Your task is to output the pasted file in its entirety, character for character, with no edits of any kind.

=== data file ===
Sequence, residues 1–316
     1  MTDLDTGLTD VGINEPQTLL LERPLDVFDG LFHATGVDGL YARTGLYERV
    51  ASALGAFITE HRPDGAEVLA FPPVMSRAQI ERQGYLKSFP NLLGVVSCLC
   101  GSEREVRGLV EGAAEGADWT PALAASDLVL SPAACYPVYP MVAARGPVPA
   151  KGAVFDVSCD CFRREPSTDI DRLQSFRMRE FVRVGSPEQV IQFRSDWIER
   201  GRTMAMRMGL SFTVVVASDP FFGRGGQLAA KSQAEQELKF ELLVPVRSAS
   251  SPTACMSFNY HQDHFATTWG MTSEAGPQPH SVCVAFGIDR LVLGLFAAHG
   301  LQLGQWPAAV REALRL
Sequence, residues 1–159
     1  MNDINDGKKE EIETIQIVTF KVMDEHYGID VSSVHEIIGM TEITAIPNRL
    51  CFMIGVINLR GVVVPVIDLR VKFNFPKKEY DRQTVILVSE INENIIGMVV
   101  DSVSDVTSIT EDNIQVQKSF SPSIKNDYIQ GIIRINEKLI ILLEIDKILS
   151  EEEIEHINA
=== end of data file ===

Sequence, residues 1–316
     1  MTDLDTGLTD VGINEPQTLL LERPLDVFDG LFHATGVDGL YARTGLYERV
    51  ASALGAFITE HRPDGAEVLA FPPVMSRAQI ERQGYLKSFP NLLGVVSCLC
   101  GSEREVRGLV EGAAEGADWT PALAASDLVL SPAACYPVYP MVAARGPVPA
   151  KGAVFDVSCD CFRREPSTDI DRLQSFRMRE FVRVGSPEQV IQFRSDWIER
   201  GRTMAMRMGL SFTVVVASDP FFGRGGQLAA KSQAEQELKF ELLVPVRSAS
   251  SPTACMSFNY HQDHFATTWG MTSEAGPQPH SVCVAFGIDR LVLGLFAAHG
   301  LQLGQWPAAV REALRL
Sequence, residues 1–159
     1  MNDINDGKKE EIETIQIVTF KVMDEHYGID VSSVHEIIGM TEITAIPNRL
    51  CFMIGVINLR GVVVPVIDLR VKFNFPKKEY DRQTVILVSE INENIIGMVV
   101  DSVSDVTSIT EDNIQVQKSF SPSIKNDYIQ GIIRINEKLI ILLEIDKILS
   151  EEEIEHINA